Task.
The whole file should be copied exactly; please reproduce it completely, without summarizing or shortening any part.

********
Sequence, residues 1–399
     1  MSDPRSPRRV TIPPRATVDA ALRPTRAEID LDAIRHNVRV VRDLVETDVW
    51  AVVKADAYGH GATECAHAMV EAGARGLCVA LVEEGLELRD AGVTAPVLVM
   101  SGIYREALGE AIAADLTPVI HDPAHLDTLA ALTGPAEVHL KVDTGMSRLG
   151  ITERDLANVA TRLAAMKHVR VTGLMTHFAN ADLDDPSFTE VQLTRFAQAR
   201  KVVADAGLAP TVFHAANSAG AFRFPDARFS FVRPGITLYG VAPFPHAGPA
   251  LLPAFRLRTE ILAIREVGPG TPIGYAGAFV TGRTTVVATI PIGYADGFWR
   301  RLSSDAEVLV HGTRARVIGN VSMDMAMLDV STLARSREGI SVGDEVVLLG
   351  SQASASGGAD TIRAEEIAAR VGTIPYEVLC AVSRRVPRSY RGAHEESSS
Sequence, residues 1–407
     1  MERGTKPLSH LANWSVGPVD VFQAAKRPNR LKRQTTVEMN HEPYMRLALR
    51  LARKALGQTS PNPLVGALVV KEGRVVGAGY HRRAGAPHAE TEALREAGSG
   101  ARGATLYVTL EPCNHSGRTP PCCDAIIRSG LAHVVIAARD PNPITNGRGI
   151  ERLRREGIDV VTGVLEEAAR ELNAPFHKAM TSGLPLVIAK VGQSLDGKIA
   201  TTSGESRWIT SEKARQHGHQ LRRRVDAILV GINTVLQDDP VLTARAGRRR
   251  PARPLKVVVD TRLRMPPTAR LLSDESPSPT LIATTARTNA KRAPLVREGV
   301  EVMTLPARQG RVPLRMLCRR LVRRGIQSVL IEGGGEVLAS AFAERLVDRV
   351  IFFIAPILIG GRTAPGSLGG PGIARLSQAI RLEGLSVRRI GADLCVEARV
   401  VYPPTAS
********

Sequence, residues 1–399
     1  MSDPRSPRRV TIPPRATVDA ALRPTRAEID LDAIRHNVRV VRDLVETDVW
    51  AVVKADAYGH GATECAHAMV EAGARGLCVA LVEEGLELRD AGVTAPVLVM
   101  SGIYREALGE AIAADLTPVI HDPAHLDTLA ALTGPAEVHL KVDTGMSRLG
   151  ITERDLANVA TRLAAMKHVR VTGLMTHFAN ADLDDPSFTE VQLTRFAQAR
   201  KVVADAGLAP TVFHAANSAG AFRFPDARFS FVRPGITLYG VAPFPHAGPA
   251  LLPAFRLRTE ILAIREVGPG TPIGYAGAFV TGRTTVVATI PIGYADGFWR
   301  RLSSDAEVLV HGTRARVIGN VSMDMAMLDV STLARSREGI SVGDEVVLLG
   351  SQASASGGAD TIRAEEIAAR VGTIPYEVLC AVSRRVPRSY RGAHEESSS
Sequence, residues 1–407
     1  MERGTKPLSH LANWSVGPVD VFQAAKRPNR LKRQTTVEMN HEPYMRLALR
    51  LARKALGQTS PNPLVGALVV KEGRVVGAGY HRRAGAPHAE TEALREAGSG
   101  ARGATLYVTL EPCNHSGRTP PCCDAIIRSG LAHVVIAARD PNPITNGRGI
   151  ERLRREGIDV VTGVLEEAAR ELNAPFHKAM TSGLPLVIAK VGQSLDGKIA
   201  TTSGESRWIT SEKARQHGHQ LRRRVDAILV GINTVLQDDP VLTARAGRRR
   251  PARPLKVVVD TRLRMPPTAR LLSDESPSPT LIATTARTNA KRAPLVREGV
   301  EVMTLPARQG RVPLRMLCRR LVRRGIQSVL IEGGGEVLAS AFAERLVDRV
   351  IFFIAPILIG GRTAPGSLGG PGIARLSQAI RLEGLSVRRI GADLCVEARV
   401  VYPPTAS